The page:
By Ann Needle
Stow is gearing up for a Special Town Meeting this Monday, Oct. 1 that will help decide where and whether the state’s newly legal marijuana businesses can locate here. The STM has been slated for Oct. 1, given the town moratorium on the businesses ends Jan. 1, 2019. If passed at STM, many of the nine Warrant articles need voter approval at the Nov. 6 election as well.
At their Sept. 25 meetings, the Board of Selectmen and Planning Board voted on support for some of the Articles. These votes and discussion on the Articles are noted below throughout the following summary of what readers’ “yes” or “no” votes on each Article could mean for the future of marijuana business in town.
Articles and town support at a glance
Article 1: Establishing an overlay district for marijuana businesses. The district would include commercial or industrial areas at Gleasondale Mill, Minute Man Air Field, an area near Bose, and another area on the Bolton border. For retail marijuana shops, the overlay district would be Lower Village and some parcels off Hudson Road.
On Tuesday night, Selectmen Chair Jim Salvie noted that the Board already voted its support for Article 1. The Planning Board also voted unanimously at its meeting last night to support it.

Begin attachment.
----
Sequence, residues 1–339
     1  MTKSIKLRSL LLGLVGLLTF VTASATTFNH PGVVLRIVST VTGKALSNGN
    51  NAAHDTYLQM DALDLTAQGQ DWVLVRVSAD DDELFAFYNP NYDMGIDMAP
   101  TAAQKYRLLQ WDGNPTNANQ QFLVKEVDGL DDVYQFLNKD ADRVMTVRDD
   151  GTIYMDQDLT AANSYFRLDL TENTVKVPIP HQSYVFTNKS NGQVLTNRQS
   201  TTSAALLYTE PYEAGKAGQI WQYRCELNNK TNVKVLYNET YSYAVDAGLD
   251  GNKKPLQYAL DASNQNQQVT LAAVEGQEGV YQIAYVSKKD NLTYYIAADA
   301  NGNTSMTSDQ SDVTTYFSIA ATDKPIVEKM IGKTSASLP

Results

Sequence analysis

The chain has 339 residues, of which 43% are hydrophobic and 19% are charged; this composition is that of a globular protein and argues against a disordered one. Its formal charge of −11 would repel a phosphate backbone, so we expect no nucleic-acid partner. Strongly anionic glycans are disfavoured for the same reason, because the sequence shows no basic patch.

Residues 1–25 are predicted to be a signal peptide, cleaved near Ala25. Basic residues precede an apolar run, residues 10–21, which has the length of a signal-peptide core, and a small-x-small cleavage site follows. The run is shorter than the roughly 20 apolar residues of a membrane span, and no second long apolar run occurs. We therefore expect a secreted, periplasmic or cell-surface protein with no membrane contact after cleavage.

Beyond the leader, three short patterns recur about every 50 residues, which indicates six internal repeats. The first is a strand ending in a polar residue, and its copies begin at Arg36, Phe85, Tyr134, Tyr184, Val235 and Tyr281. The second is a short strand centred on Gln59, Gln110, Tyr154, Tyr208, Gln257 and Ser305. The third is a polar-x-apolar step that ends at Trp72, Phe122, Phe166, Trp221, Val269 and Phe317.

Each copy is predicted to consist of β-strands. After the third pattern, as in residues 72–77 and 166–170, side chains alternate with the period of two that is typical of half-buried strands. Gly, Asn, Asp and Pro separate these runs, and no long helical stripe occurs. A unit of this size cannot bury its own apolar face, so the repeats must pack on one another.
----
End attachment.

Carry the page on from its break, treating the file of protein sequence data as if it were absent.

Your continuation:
What yes means: Six of the seven types of adult marijuana businesses (see articles 3 through 9 below) would be limited to the overlay district. Retail Marijuana Establishments would be allowed in the Business District but not the other areas of the Overlay District. A “yes” vote by two-thirds of STM would approve the overlay district, with no follow-up vote called for at the Nov. 6 election.
Among other regulations, a yes vote would mandate the businesses cannot set up shop within 500 ft. of a school, along with some limits around residential developments. And, Stow retailers would be limited to 20-percent of the town’s five liquor licenses, a calculation that would limit retailers to one in Stow for the foreseeable future.
What no means: The businesses would not be limited to specific locations. Town Planner Jesse Steadman said the town would be able to accept any number of retail shops, and be limited to banning marijuana establishments closer than 500 ft. from a school.